Another key facet to a workable BYOD policy is ensuring that they define the nature and extent of the enterprise’s right to access, retain, and/or destroy data on the employee device for information governance purposes. Doing so will invariably necessitate that a company determine whether its employees have a reasonable expectation of privacy in data stored on a device. One way to tackle this issue is to include a provision in the use policy that eliminates any notion that employees have such an expectation of privacy. While there is case authority suggesting that a company can successfully adopt that approach, In re Asia Global Crossing, Ltd., and many of its progeny have reached a contrary result. A better practice may be to secure the employee’s assent on this issue through a separate written agreement, especially where that employee is using a personal device under a BYOD policy.
On the e-discovery front, a company’s litigation readiness program should be updated to include a process for preserving and producing relevant data from personal devices. Beyond the prophylactic issuance of a litigation hold, legal counsel should consider working with company IT professionals or engaging service providers to better ensure that mobile device data is properly preserved. This may include, among other things, the option of using cloud providers that have legal hold and other discovery-oriented functionality. Regardless, getting informed direction from technically savvy partners is essential for maintaining mobile device data since the methods for doing so from previous decades—creating paper copies, imaging hard drives, or relying on backup tapes—may be obsolete or simply unworkable.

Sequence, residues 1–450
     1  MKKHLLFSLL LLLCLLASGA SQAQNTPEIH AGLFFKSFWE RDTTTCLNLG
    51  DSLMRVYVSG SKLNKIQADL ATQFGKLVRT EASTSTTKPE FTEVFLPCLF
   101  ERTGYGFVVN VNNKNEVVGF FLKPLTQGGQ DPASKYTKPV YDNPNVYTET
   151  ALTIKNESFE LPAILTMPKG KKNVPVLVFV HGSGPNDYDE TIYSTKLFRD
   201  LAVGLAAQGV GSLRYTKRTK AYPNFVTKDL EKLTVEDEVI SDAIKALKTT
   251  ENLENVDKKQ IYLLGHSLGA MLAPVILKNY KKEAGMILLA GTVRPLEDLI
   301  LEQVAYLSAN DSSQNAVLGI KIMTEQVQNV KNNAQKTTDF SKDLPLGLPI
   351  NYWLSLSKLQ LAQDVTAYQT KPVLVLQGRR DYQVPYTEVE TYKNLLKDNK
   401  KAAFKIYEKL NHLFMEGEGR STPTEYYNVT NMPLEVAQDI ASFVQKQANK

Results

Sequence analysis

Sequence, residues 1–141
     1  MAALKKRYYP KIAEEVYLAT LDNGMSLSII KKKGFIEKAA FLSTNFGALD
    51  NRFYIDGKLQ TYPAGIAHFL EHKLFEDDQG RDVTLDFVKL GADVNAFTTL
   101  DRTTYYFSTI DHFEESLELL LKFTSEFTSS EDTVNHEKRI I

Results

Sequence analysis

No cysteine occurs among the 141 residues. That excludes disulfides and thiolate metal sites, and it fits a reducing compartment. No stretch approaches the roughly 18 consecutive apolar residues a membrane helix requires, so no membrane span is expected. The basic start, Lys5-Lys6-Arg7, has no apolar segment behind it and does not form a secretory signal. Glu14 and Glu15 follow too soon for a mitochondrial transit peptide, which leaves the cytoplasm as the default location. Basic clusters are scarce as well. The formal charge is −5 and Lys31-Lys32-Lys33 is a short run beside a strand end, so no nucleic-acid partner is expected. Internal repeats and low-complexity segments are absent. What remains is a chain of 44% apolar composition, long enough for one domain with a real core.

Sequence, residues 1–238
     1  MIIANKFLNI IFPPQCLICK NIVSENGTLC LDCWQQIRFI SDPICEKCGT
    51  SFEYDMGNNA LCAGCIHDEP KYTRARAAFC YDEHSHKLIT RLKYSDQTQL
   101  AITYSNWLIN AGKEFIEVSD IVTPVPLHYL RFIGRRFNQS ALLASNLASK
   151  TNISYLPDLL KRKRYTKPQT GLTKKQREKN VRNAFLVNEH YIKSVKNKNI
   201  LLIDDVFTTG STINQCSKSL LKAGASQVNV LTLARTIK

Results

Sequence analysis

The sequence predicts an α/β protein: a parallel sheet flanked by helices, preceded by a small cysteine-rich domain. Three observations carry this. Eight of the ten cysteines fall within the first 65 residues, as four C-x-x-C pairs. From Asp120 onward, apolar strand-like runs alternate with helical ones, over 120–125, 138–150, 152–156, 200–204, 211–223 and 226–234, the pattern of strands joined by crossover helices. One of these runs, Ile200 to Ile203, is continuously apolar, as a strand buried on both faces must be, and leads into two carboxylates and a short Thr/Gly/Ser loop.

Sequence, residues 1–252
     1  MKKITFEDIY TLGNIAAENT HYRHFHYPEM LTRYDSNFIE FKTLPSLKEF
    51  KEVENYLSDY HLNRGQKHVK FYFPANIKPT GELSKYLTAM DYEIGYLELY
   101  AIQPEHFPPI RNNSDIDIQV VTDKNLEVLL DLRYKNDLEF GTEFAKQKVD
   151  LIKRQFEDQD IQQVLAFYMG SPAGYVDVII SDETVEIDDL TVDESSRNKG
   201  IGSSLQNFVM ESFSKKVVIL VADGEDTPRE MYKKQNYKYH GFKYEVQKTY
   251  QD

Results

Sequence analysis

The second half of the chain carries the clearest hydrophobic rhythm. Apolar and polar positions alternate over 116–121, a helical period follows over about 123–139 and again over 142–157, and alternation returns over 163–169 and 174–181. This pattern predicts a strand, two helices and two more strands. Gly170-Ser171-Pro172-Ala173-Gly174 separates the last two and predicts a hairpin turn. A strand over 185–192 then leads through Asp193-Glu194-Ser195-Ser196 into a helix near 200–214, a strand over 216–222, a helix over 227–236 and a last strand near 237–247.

Though impossible to remediate every risk associated with mobile device use, organizations can develop a plan to tackle the data security, information retention, and e-discovery problems arising from those devices. By following the above-referenced suggestions, companies can develop a process for handling the issues. However, without actionable policies, along with subsequent employee training and regular policy enforcement, companies will have little chance of preventing device disasters before they are splashed across the headlines.